East Asian clubs close in on return of Covid-hit ACL

Reuters/Hong Kong
Filed on November 16, 2020
Fifteen of the region’s top teams will participate in a centralised tournament.— AFP

The outcome, though, is far from clear as teams travel to Doha in varying states of flux

Withdrawals, weakened squads and worries over the ongoing pandemic have overshadowed the build-up to the return of the Asian Champions League, but on Wednesday east Asia’s leading clubs will finally resume their quest for the continental crown.

Fifteen of the region’s top teams will converge on Qatar in a centralised tournament after the global coronavirus outbreak forced the suspension of the competition in March with only a handful of matches played.

At stake is a place in the final against Iranian side Persepolis, who advanced to the competition’s deciding game in October after the west Asian half of the draw was played out in a biosecure bubble in Doha.

Now it is the turn of the half of the continent that has dominated the tournament for more than a decade to determine who will go head-to-head with the club from Tehran in the decider on December 19.

The outcome, though, is far from clear as teams travel to Doha in varying states of flux.

Malaysian champions Johor Darul Ta’zim have already withdrawn from the competition after being told by their government they would not be permitted to leave the country due to strict restrictions brought in to combat the pandemic.

Japanese clubs, led by J-League champions Yokohama F Marinos and also featuring Andres Iniesta’s Vissel Kobe and FC Tokyo, will be forced to juggle commitments with squads split to permit involvement in continental competition while action continues at home.

Chinese clubs, too, have obstacles to overcome.

Two-time champions Guangzhou Evergrande will be without influential midfield duo Paulinho and Zheng Zhi, who are both ruled out due to injury, although Fabio Cannavaro will be able to welcome 2015’s leading scorer Ricardo Goulart back into his squad.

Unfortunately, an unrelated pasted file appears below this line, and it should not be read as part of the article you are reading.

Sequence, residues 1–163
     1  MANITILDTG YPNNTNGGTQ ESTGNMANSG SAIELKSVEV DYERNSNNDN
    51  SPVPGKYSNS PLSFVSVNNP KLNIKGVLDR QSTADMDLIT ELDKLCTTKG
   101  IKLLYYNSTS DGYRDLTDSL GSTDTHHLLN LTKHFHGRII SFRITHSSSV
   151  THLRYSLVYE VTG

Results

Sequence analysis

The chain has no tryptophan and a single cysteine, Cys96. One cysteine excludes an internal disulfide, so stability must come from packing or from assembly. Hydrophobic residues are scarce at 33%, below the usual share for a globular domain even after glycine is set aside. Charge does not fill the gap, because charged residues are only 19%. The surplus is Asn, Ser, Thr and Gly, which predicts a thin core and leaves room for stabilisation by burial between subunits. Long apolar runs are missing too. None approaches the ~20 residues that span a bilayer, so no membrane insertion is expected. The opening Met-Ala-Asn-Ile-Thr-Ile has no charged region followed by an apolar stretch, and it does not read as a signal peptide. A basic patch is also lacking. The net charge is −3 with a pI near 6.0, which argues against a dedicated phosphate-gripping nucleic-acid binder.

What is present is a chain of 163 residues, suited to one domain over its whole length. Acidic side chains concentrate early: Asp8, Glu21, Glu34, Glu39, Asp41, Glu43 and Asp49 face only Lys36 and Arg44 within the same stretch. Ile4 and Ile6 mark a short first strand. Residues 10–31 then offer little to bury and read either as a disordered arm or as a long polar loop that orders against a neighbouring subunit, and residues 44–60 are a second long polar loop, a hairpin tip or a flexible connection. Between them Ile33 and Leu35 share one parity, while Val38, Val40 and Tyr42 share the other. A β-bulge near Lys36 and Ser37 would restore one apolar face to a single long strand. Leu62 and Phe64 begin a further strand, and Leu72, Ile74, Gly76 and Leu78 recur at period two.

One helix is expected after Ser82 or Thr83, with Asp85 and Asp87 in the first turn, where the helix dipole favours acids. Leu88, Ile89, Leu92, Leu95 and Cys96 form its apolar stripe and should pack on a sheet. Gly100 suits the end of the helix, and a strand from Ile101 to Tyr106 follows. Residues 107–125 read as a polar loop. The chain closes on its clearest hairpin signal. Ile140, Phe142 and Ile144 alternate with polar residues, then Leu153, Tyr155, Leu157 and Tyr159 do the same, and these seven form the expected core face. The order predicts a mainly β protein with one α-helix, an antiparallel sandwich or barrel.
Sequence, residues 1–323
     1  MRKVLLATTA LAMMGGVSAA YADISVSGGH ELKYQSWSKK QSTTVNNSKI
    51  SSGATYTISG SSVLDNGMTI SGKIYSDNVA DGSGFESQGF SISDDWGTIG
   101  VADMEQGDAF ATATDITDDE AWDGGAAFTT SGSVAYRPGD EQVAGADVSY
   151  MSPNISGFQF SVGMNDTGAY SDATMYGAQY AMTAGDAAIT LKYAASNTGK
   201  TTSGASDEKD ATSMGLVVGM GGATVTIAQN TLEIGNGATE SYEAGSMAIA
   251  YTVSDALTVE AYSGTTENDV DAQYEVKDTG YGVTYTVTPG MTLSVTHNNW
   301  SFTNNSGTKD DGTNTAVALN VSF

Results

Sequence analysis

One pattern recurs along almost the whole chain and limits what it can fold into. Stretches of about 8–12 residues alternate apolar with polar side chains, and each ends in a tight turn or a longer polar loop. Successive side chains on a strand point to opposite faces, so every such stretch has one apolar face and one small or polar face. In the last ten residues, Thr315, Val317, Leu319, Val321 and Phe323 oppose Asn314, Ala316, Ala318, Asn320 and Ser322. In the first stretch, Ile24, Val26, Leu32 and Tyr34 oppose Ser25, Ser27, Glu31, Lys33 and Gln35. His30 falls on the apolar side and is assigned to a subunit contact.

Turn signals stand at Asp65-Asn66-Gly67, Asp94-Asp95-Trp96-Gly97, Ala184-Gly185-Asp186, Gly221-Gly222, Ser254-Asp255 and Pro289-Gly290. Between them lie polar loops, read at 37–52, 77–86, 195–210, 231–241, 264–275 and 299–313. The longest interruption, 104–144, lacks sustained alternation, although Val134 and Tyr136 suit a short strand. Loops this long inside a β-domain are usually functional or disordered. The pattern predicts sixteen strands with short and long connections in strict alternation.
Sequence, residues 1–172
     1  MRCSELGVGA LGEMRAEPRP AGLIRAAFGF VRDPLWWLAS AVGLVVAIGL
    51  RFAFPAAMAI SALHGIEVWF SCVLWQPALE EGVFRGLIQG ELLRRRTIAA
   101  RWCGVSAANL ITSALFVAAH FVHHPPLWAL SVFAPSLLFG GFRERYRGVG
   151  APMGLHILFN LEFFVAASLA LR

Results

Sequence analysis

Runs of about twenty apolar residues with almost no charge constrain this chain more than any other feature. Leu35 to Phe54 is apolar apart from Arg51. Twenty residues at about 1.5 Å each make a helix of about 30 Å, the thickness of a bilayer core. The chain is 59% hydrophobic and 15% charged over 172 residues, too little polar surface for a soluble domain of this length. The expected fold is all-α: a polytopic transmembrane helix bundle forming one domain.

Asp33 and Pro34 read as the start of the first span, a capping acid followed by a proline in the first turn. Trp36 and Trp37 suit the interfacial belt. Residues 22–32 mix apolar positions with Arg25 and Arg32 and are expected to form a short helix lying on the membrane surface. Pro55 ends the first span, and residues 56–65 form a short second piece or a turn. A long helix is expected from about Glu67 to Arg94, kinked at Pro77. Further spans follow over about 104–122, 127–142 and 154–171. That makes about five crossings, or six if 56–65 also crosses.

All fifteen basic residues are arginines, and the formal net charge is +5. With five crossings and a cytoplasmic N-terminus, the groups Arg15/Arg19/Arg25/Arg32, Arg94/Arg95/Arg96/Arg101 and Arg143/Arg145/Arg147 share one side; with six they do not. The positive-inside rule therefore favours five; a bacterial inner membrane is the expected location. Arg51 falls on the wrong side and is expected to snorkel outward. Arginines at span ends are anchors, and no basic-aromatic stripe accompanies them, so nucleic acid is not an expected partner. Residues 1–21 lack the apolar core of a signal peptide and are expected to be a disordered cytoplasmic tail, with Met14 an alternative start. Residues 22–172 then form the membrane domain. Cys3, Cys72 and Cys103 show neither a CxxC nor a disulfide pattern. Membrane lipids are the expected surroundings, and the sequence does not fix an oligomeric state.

Beijing Guoan will be missing Cedric Bakambu, the Chinese Super League’s top scorer for 2020, after he joined up with the Democratic Republic of the Congo to play in qualifying for the African Cup of Nations and, as a result, has not been included in the squad for the Asian Champions League.

The same fate has hit Shanghai SIPG’s striker Marko Arnautovic, who has not been selected for his club’s squad after joining up with Austria for Uefa Nations League duty.

Australia, represented by A-League champions Sydney FC as well as Perth Glory and Melbourne Victory, face the daunting prospect of taking on the continent’s best while still in pre-season and with coaches still building their squads ahead of the start of the domestic campaign in late December.

As a result of the uncertainty, South Korean clubs, who have won the title on five occasions since 2006, could be the main beneficiaries.

Both the K-League and the Korean FA Cup campaigns concluded earlier in the month, with Jeonbuk Motors lifting the title in each competition. That feat marks Jose Morais’ side out as one of the favourites for a title the club have claimed on two occasions previously.

But Korean clubs have not been without their problems too.

Ulsan Hyundai goalkeeper Jo Hyeong-woo tested positive for Covid-19 during international duty with South Korea in Austria earlier this week, further highlighting the issue that will no doubt hang over the competition right up until the final ball is kicked.

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